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— Presentation at ACISP 2014 —
August 21, 2014
The 19th Australasian Conference on Information Security and Privacy (ACISP 2014) was held at Wollongong, Australia, during July 7-9, 2014. The scope of the conference widely covers a range of topics in information security and cryptography. This year, the conference consists of 26 presentations for full papers, 6 presentations for short papers, and two invited talks.
Photo 1 Presentation at ACISP 2014
We presented a full paper titled "Incrementally Executable Signcryptions", which proposes a generalization of traditional signcryption scheme.
Signcryptions combine the features of public-key encryption schemes with those of digital signature schemes to provide both data confidentiality and data authenticity simultaneously. A number of signcryption schemes have been proposed in the literature, which have efficiency and/or security advantages compared to a naive combination of public-key encryption and digital signature. Although signcryption schemes are useful building blocks for end-to-end secure message transmissions, they are not suitable for computationally-restricted devices (e.g., RFID tags, mobile phones, and sensors) due to their signing and public-key encryption parts that usually require expensive operations such as exponentiation or pairing computation. To overcome this difficulty, the notion of on-line/off-line signcryption was introduced, in which the signcryption process is split into two phases: The first phase is performed off-line, i.e., before the message to be signcrypted is given; and the second phase is performed on-line, i.e., after the message to be signcrypted is given. The major computational overhead is shifted to the off-line phase, whereas the on-line phase requires only a low computational overhead.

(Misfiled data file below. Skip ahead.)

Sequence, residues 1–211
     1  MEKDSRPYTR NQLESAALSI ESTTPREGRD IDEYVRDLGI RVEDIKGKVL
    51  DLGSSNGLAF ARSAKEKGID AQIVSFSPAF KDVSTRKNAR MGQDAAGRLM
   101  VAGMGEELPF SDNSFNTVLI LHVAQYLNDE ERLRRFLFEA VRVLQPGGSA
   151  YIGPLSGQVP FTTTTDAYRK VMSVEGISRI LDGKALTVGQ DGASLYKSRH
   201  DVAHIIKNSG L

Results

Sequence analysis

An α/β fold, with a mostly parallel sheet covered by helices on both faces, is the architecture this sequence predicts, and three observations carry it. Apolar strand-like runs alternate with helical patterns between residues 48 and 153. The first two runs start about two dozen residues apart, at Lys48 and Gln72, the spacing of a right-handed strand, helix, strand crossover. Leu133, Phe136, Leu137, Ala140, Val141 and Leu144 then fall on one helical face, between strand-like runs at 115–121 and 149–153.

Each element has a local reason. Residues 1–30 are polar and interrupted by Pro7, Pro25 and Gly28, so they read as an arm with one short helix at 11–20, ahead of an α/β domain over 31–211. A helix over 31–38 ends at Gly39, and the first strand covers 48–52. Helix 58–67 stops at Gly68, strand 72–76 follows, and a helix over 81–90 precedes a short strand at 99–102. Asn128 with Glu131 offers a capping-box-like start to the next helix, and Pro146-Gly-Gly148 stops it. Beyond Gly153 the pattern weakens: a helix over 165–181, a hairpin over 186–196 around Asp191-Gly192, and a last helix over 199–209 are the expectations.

We split the traditional off-line phase in two, which results in the following three sequential phases: (1) Setup Phase: The identity of the sender is determined. Specifically, the sender generates her own key pair; (2) Handshake Phase: The sender recognizes the target recipient to whom she might send some messages. Specifically, the sender obtains the receiver's public key; (3) On-Line Phase: The sender finally decides a message to be sent to the target recipient determined in the previous phase. The essential point for efficiency is that the sender could have significant idle time in the above setup phase as well as the handshake phase. Our re-definition of the phases helps the scheme designer to pay more attention to the efficiency of the off-line computation. The design principle of efficient signcryptions can be much simpler: Let as many expensive computations move to the earlier phases as possible.
Based on the above observation, we present the concept of "incrementally executable signcryptions", which consists of three algorithms corresponding to the above three phases (Fig. 1). In addition, we showed a generic construction of incrementally executable signcryption, which improves the sender's computational efficiency (Fig. 2). Furthermore, we proved that our construction achieves the strongest security notions.
(By YAMAMOTO Dan)